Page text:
Moving Christie into the VP role for DCA and Downtown Disney will be important in 2016 as Downtown Disney embarks on a major plan to remodel and repurpose the 15 year old mall and remake it into a West Coast version of WDW’s newly opened Disney Springs complex. With the House of Blues closing in January, and that large expansion plot directly north of House of Blues that’s never been built on, the time is right to give the entire Downtown Disney complex a cosmetic reskin and a rethink on the mall’s tenant mix.
Christie has worked for Disney’s Consumer Products and Disney Store group for over eight years in a variety of executive jobs focused on branding and merchandising, and she became the Senior Vice President of Retail Development there almost two years ago. Before she joined Disney in 2007, Christie had merchandise manager jobs at several different apparel companies. She of course has an MBA, from USC’s Marshall School.
Fancy executive titles are plentiful at Disney’s Consumer Products division, with over a dozen lowly Vice Presidents reporting to a gaggle of Senior VP’s and Executive VP’s. The mere VP’s have literally dozens of Directors reporting to them, each with battalions of Managers and Senior Managers working with Chinese factories to bring the latest branded t-shirts and plastic toys to a Disney Store or big box emporium near you. The executive org chart is much slimmer and sleeker in Anaheim, so Christie may be getting a demotion in title but it’s a job that has real meaning and importance in the Parks & Resorts division.
The Downtown Disney makeover will be a big job for Christie, and she’ll focus on that primarily this winter since not much else is happening in DCA next year. The remake of Luigi’s Flying Tires into a much simpler spinner ride is already done, the state inspectors will approve it for operation in two weeks, and the ride is planned to soft open before Christmas. The proposal to add Marvel Studios to DCA on the expansion plot north of Tower of Terror was sent back to the drawing boards this past summer, but is once again moving ahead. The indoor mega-coaster planned as the lands new E Ticket was wowing the designers but underwhelming the Anaheim operators.
The Anaheim team has been getting more and more disappointed with WDI’s latest creations that are big on excitement but very short on hourly capacity to handle Anaheim’s ever-growing crowds. Long gone are the days when WDI built custom E Tickets that can handle 2,500 or more riders per hour. Today they can spend $300 Million building something like Radiator Springs Racers that struggles to break 1,500 riders per hour, and the entire park experience suffers because of decisions which don’t take into account the paying customers waiting in slow moving lines.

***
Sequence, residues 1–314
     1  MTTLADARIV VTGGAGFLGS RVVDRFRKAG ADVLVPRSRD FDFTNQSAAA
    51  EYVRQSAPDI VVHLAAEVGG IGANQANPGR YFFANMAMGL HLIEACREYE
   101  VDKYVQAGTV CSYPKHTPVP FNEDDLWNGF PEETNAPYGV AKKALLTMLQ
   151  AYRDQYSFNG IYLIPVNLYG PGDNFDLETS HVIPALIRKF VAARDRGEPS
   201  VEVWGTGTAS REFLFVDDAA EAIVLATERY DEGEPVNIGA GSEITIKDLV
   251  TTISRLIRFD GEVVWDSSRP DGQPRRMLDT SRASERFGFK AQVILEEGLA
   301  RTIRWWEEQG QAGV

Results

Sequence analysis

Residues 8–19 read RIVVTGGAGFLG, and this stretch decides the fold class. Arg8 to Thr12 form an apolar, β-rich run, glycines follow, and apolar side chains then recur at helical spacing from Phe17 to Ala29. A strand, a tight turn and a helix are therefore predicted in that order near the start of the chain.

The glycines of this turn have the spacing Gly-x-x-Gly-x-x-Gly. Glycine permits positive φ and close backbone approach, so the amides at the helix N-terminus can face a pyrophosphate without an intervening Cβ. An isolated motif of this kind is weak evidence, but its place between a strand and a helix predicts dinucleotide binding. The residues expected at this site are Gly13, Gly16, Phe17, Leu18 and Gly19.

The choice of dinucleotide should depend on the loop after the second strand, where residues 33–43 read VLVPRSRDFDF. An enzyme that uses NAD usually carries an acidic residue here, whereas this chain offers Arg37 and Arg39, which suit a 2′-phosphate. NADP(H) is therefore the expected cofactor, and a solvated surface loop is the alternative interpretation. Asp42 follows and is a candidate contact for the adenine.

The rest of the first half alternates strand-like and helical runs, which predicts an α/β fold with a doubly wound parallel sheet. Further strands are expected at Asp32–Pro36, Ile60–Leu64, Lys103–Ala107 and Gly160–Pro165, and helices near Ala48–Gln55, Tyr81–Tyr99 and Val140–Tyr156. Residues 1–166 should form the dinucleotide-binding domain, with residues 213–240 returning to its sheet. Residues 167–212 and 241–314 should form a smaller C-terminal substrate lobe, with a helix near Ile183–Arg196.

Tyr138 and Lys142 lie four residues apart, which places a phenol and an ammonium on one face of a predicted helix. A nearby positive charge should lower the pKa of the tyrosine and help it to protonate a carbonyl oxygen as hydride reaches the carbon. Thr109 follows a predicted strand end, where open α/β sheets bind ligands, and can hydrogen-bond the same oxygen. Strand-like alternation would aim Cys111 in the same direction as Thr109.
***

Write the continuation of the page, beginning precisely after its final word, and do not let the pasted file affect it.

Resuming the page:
While the coaster concept has gone back for a rework, the plan now is to open the Marvel expansion in two phases, with a series of themed meet n’ greet and merchandise offerings opening first before Star Wars Land can open in 2019. Then the Marvel coaster would open a year or two later, after Star Wars Land. That plan is the reason why Superhero HQ in Tomorrowland only got a light rework for its debut last month, as it’s not planned to be a facility that exists much past 2017.
Best Foot Forward
Before Christie can dig in to the Downtown Disney makeover, she’ll need to make her debut at DCA. Scripted talking points will be created for her, so she can tell and retell stories of how she loved to visit Disneyland as a child and how special she thinks the parks are. And TDA’s clueless communications team will send out a photographer to capture Christie’s first few days on the job as she does the mandatory executive duty of spending a couple hours in a uniform selling churros on Buena Vista Street, or sweeping the parade route, or checking lap bars at Monsters Inc. They’ll take plenty of photos of her and then breathlessly bombard the Cast Member newsletter and intranet with them to prove Christie really understands the theme park industry after her hour or two of churro duty.
We wish Christie well through all this upcoming pageantry, and since she seems to be a smart woman perhaps she’ll be savvy enough to know the 27,000 Anaheim Cast Members see right through these types of publicity stunts. Dialing it down a notch and simply spending a lot of time in the park in 2016 will go much further than talking points and a glossy photo shoot in the Cast Member newsletter. And if you can’t immediately answer which is your favorite Disneyland Resort ride and why, you shouldn’t show up to work that day.
Christie also needs to be aware of the reputation executives who come from the Disney Store and Consumer Products have in Anaheim. Disneyland went through a very dark period of its history due to the decisions of several key execs who came from the Disney Store, namely Paul Pressler and Cynthia Harriss and their assorted mall groupies, who insisted that merchandising trumped showmanship and the mall way was the right way. Disneyland came out of that period battered and bruised and with Cast morale that had never been lower, and it took a great deal of money and resources to undo all the harm those Disney Store executives caused during their infamous 1995-2003 reign. There are many people at the Disneyland Resort who have not forgotten that. Christie may be brilliant at branding and merchandising, but Disney’s theme parks involve dangerous moving machinery and deep-rooted emotions, and the parks are not malls. Just ask Cynthia Harriss.